IAS Versus U.S. GAAP: Information Asymmetry–Based Evidence from Germany's New Market


  • I gratefully acknowledge helpful comments from Anne d'Arcy, George Benston, Phil Berger, Gus De Franco, Robert Holthausen, Peter Knutson, Christian Laux, S. P. Kothari, Claudia Röder, Robert Verrecchia, and especially Ray Ball and the anonymous referee. This paper has benefited from presentations at the American Enterprise Institute, University of California at Berkeley, Columbia University, Harvard University, J. W. Goethe Universität Frankfurt, MIT, University of Michigan, Stanford University, Tilburg University, the EAA Meetings (Munich) and the EFA Meetings (Barcelona). I would also like to thank Uwe Schweickert (Deutsche Börse), Peter Gomber (Deutsche Börse), Jörg Hueber (KPMG), Rainer Jäger (PWC), and IBES for generously providing data for this study, and Tobias Herwig for his excellent research assistance. I also gratefully acknowledge financial support by the Wharton Electronic Business Initiative (WeBI).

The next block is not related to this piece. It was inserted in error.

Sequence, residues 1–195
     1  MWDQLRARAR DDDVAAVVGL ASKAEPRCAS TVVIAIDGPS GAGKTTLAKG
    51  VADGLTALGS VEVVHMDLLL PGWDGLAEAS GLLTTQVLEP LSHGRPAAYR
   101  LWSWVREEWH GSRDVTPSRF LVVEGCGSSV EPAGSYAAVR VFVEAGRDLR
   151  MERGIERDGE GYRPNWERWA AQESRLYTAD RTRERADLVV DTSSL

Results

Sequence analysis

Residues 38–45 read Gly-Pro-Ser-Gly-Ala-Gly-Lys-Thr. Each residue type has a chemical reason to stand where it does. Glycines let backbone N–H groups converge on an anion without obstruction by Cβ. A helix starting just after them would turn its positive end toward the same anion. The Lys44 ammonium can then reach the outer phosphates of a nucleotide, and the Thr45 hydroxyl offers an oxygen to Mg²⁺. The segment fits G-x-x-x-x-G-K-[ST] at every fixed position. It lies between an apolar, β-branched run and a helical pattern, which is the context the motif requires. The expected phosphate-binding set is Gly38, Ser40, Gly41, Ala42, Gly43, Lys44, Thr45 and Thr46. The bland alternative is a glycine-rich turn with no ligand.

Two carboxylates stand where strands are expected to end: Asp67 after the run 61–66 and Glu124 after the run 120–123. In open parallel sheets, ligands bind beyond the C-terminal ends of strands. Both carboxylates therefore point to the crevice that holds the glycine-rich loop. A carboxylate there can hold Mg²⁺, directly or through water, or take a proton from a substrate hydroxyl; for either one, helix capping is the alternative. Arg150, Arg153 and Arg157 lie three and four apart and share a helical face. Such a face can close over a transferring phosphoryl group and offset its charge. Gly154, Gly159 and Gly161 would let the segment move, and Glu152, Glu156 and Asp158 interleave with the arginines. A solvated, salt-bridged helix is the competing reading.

Motivated by the debate about globally uniform accounting standards, this study investigates whether firms using U.S. generally accepted accounting principles (GAAP) vis-à-vis international accounting standards (IAS) exhibit differences in several proxies for information asymmetry. It exploits a unique setting in which the two sets of standards are put on a level playing field. Firms trading in Germany's New Market must choose between IAS and U.S. GAAP for financial reporting, but face the same regulatory environment otherwise. Thus, institutional factors such as listing requirements, market microstructure, and standards enforcement are held constant. In this setting, differences in the bid-ask spread and share turnover between IAS and U.S. GAAP firms are statistically insignificant and economically small. Subsequent analyses of analysts' forecast dispersion, initial public offering underpricing, and firms' standard choices corroborate these findings. Thus, at least for New Market firms, the choice between IAS and U.S. GAAP appears to be of little consequence for information asymmetry and market liquidity. These findings do not support widespread claims that U.S. GAAP produce financial statements of higher informational quality than IAS.